Qantas Airlines is currently making the second of three Project Sunrise flights. This time around, the airline is flying non-stop between London Heathrow and Sydney. The journey is scheduled to take 19hours 18Minutes. The 787 departed from Heathrow at around 06:00am on 14th November. It it due to arrive into Sydney at 11:45 on 15th November.
The flight can be tracked on FlightRadar24.com
Previously, the airline undertook a non-stop flight between New York and Sydney in October 2019.
These test flights aren’t available to the general public however. They are being used to test the feasibility of ultra long haul flights from Sydney. Onboard, there will be 40 Qantas employees, including the crew members operating the flight.
The Project Sunrise flights are operated by Boeing 787 aircraft. If/when Qantas launches commercial flights on the route, they have stated that they will utilise either Airbus A350ULR or the yet to be flown Boeing 777X aircraft. The final decision on which aircraft Qantas will use to operate these ultra long haul routes will be decided in December 2019.
Rather than take a Boeing 787 out of commercial service to operate these test flights, Qantas have re-routed new aircraft on delivery to the airline. In the case of the London flight, it was operated by the 787 wearing a special livery to commemorate the airlines 100th anniversary.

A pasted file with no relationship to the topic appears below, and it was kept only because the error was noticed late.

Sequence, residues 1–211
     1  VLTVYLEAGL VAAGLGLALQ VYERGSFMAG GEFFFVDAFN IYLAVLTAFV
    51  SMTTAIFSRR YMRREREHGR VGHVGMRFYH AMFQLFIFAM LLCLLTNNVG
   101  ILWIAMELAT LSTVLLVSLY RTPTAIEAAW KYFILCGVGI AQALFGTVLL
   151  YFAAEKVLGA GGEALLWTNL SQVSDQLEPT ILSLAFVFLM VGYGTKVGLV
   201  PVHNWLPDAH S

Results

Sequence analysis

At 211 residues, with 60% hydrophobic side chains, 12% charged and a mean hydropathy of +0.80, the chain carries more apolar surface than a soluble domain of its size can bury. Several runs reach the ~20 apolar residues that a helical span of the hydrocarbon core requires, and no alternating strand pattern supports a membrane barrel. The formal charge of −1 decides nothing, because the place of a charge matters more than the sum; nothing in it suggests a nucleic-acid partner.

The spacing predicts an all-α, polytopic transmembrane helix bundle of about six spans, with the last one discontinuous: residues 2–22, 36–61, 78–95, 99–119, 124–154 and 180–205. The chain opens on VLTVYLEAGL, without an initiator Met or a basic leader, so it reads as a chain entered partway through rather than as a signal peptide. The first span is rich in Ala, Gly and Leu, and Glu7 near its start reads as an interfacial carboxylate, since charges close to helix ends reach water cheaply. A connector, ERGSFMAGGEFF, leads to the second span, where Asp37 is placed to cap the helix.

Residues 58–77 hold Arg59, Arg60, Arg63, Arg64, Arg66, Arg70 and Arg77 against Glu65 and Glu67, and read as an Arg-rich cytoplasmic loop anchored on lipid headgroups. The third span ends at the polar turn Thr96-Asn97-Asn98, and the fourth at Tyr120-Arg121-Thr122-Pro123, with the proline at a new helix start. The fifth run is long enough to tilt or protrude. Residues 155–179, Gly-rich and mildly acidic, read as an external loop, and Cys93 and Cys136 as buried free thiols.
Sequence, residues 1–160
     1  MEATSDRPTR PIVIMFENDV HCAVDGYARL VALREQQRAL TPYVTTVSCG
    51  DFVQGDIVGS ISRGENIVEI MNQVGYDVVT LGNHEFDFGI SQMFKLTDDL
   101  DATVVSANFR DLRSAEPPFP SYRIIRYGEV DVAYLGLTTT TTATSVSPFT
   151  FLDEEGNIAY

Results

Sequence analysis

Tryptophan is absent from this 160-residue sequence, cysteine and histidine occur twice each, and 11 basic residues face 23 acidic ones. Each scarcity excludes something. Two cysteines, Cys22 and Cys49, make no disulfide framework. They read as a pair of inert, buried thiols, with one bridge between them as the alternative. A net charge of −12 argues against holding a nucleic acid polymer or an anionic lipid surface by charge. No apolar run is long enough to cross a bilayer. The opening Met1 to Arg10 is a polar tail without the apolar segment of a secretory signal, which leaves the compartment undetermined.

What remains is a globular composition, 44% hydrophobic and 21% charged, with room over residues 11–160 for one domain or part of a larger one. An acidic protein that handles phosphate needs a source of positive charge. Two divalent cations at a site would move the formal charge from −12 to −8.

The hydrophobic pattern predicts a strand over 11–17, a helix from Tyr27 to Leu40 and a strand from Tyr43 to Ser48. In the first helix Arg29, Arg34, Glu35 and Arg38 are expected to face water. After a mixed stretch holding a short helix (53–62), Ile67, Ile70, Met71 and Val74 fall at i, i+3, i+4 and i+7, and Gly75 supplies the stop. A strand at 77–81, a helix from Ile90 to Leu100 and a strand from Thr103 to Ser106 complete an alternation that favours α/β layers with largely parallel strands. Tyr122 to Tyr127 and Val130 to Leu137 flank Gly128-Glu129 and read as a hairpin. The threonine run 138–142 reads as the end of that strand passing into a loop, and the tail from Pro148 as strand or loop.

The aircraft positioned from the Boeing production site in Everett to Los Angeles on 7th November before heading on to London late in the evening of 12th November.
Whilst the New York – Sydney flights haven’t been made before, the London – Sydney flight isn’t new. All the way back in 1989, the airline flew their first Boeing 747-400 between the two cities. As that type didn’t quite have the range, it flew with just 23 people on board.
Qantas made history in March 2018 when it became the first airline to launch commercial services between the UK and Australia. Again, using the Boeing 787, Qantas links London and Perth in a scheduled 17hours 20Minutes.
This isn’t the worlds longest flight though. That crown goes to Singapore Airlines flight between Singapore – New York. The Qantas flight is also beaten on mileage by Qatar Airways route between Doha – Sydney.
Qantas first flew between London and Sydney all the way back in 1947. Back then, the trip was located by the Lockheed Constellation and made 6 stops en-route. The total journey time back then was 55 hours spread over 5 days.
Header credit: @Qantas